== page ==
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Blood pressure variability and the development of early neurological deterioration following acute ischemic stroke

Chung, Jong-Wona,*; Kim, Nayoungb,*; Kang, Jihoonc; Park, Su Hyund; Kim, Wook-Jooe; Ko, Youngchaif; Park, Jung Hyung; Lee, Ji Sungh; Lee, Juneyoungi; Yang, Mi Hwaj; Jang, Myung Sukj; Oh, Chang Wank; Kwon, O-Kik; Jung, CheolKyul; Kim, Beom Joonj; Han, Moon-Kuj; Gorelick, Philip B.m,n; Bae, Hee-Joonj

doi: 10.1097/HJH.0000000000000675
ORIGINAL PAPERS: Stroke

Objectives: Early neurological deterioration (END) is a common condition associated with poor outcome after acute ischemic stroke. We studied association between blood pressure (BP) variability and development of END.

Methods: In this retrospective observational study, we studied a consecutive series of patients hospitalized for acute ischemic stroke within 24 h of onset. The primary outcome of interest was the development of END according to predefined criteria within the first 72 h of stroke onset. During this period, the mean, maximum (max), and minimum (min) values for the SBP and DBP were measured. The following parameters of BP variability were calculated for the SBP and DBP: the difference between the maximum and minimum (max−min), the SD, and the coefficient of variation.

Results: Of the 1161 patients enrolled in the study (mean age, 67.5 ± 13.3 years; 59.6% men), 210 (18.1%) developed END. All of the BP variability parameters were linearly associated with END independent of mean BP and potential clinical variables (P values < 0.05 on likelihood ratio tests for trend), except for SBPmax−min. Among the other BP parameters, SBPmean, SBPmax, DBPmax, and DBPmin were independently associated with END. After adjustments for potential confounders, the odds for END increased 14–21% with each increase of one standard deviation in the BP variability parameter.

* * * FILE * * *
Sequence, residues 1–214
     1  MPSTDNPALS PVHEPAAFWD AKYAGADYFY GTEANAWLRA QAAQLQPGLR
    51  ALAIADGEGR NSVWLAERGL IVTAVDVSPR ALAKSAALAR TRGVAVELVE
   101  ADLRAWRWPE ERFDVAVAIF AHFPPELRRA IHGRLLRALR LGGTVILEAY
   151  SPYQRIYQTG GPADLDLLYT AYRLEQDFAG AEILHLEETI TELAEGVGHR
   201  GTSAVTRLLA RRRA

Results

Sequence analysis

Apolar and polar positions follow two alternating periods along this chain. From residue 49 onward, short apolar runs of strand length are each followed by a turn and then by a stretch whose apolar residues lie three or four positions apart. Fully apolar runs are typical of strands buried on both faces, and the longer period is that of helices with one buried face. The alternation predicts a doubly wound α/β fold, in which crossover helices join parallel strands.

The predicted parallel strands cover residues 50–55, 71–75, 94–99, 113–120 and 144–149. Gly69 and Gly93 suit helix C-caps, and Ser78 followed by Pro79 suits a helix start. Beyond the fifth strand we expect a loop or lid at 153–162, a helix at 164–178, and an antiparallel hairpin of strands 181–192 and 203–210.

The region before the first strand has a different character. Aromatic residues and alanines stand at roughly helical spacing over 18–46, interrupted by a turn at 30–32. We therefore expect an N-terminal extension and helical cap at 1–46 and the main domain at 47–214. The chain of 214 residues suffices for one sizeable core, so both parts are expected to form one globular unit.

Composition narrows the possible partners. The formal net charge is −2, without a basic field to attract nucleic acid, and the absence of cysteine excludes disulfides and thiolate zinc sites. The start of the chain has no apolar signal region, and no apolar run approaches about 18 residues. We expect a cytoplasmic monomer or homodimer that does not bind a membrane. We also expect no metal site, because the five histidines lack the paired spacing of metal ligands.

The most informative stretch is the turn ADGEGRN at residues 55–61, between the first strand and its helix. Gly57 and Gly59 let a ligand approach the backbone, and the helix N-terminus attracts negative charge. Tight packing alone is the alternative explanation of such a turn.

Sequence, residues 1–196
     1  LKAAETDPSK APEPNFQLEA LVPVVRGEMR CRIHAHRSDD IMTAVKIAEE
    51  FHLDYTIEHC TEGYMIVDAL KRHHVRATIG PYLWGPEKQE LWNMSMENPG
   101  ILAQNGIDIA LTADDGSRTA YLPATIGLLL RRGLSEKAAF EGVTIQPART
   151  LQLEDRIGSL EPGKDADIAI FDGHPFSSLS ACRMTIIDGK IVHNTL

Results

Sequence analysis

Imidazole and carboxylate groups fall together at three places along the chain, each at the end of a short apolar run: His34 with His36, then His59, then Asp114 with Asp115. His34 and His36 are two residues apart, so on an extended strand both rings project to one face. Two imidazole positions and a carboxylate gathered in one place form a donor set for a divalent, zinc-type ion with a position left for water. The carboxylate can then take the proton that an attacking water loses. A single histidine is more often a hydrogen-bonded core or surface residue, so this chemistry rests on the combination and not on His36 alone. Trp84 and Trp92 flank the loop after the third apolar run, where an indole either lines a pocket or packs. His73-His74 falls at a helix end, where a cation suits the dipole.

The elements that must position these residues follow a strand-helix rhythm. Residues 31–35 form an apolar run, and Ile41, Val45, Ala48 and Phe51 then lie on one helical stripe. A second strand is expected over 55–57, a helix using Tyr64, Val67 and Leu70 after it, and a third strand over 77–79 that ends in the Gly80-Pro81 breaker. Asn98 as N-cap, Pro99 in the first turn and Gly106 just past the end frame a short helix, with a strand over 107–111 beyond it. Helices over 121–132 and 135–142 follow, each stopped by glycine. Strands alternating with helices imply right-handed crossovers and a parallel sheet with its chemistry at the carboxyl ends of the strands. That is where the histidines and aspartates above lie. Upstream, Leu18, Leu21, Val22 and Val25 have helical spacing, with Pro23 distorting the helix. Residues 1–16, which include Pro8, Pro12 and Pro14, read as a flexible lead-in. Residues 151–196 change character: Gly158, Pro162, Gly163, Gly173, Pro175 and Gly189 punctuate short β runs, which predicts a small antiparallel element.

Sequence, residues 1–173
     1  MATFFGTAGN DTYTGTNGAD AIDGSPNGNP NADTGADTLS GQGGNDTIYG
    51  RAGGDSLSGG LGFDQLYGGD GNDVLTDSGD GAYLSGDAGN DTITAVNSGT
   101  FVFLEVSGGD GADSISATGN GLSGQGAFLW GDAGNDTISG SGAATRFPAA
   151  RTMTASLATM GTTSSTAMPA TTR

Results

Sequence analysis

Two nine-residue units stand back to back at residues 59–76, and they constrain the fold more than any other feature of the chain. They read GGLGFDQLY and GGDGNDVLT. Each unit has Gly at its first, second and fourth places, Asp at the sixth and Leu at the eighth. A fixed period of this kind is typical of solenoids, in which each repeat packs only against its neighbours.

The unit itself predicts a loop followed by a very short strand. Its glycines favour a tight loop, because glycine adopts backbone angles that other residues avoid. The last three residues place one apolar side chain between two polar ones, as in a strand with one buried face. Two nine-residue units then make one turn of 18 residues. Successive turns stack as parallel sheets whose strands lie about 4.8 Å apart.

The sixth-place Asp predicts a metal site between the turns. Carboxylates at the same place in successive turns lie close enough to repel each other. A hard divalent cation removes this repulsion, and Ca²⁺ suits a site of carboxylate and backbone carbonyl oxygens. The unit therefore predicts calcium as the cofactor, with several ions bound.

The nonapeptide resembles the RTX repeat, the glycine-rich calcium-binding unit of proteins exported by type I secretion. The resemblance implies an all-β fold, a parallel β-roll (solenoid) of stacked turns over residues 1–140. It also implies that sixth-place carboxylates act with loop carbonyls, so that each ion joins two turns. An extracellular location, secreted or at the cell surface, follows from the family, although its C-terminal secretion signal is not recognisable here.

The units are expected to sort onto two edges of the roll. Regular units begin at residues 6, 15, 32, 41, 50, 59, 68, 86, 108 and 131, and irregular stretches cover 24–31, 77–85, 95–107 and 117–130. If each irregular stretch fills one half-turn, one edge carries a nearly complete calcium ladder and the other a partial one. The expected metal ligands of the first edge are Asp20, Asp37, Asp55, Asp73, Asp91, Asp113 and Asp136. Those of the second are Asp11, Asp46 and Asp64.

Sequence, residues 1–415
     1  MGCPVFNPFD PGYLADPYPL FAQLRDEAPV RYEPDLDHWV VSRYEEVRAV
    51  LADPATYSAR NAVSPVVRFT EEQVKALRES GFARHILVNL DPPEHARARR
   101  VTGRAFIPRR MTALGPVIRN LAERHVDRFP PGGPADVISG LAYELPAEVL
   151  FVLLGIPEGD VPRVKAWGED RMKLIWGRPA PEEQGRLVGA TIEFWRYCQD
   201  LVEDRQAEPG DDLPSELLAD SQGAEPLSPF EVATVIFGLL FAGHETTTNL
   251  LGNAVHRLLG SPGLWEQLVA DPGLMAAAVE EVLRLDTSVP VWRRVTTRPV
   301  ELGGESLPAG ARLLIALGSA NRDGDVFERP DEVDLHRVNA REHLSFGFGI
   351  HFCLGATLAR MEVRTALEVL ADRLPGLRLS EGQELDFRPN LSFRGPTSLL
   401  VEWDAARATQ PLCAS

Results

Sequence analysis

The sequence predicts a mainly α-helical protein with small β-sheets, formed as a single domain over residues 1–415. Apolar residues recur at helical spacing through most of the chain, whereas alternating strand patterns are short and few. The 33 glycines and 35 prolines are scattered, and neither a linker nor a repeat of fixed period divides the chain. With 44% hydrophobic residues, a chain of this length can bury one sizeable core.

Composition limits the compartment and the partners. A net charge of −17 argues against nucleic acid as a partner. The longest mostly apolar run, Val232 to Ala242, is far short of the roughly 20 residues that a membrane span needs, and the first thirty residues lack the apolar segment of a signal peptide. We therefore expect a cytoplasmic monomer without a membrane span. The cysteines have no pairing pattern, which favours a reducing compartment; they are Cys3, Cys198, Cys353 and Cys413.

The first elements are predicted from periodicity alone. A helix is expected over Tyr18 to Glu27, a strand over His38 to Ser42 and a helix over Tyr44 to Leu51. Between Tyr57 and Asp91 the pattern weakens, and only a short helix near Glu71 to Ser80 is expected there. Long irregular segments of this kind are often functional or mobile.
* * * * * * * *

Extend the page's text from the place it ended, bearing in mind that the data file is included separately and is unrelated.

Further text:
Conclusion: BP variability is independently and linearly associated with the development of neurologic deterioration in acute stage of ischemic stroke.

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aDepartment of Neurology, Samsung Medical Center, Sungkyunkwan University School of Medicine, Seoul

bDepartment of Neurology, Youngdong Hospital, Chungbuk

cDepartment of Neurology, Samsung Changwon Hospital, Sungkyunkwan University, Changwon

dDepartment of Neurology, Pohang St. Mary's Hospital, Pohanga

eDepartment of Neurology, University of Ulsan College of Medicine, Ulsan

fDepartment of Neurology, Eulji University Hospital, Eulji University, Daejeon

gDepartment of Neurology, Ewha Womans University Medical Center

hClinical Research Center, Asan Medical Center

iDepartment of Biostatistics, Korea University College of Medicine, Seoul

jDepartment of Neurology

kDepartment of Neurosurgery

lDepartment of Radiology, Stroke Center, Seoul National University Bundang Hospital, College of Medicine, Seoul National University, Seongnam, Korea

mDepartment of Translational Science and Molecular Medicine, College of Human Medicine, Michigan State University

nMercy Health Hauenstein Neurosciences, Grand Rapids, Michigan, USA.

*Drs Jong-Won Chung and Nayoung Kim contributed equally to the writing of this article.

Correspondence to Hee-Joon Bae, MD, PhD, Department of Neurology, Stroke Center, Seoul National University Bundang Hospital, College of Medicine, Seoul National University, 300, Gumi-dong, Bundang-gu, Seongnam-si, Gyeonggi-do 463-707, Korea. Tel: +82 31 787 7467; fax: +82 31 787 4059; e-mail: braindoc@snu.ac.kr

Abbreviations: BP, blood pressure; CI, confidence interval; CT, computed tomography; EMR, electronic medical record; END, early neurological deterioration; max, maximum; max−min, difference between maximum and minimum BP; min, minimum; NIHSS, National Institutes of Health Stroke Scale; OR, odds ratio; TIA, transient ischemic attack

Received 19 January, 2015

Revised 20 May, 2015

Accepted 20 May, 2015

Supplemental digital content is available for this article. Direct URL citations appear in the printed text and are provided in the HTML and PDF versions of this article on the journal's Website (http://www.jhypertension.com).

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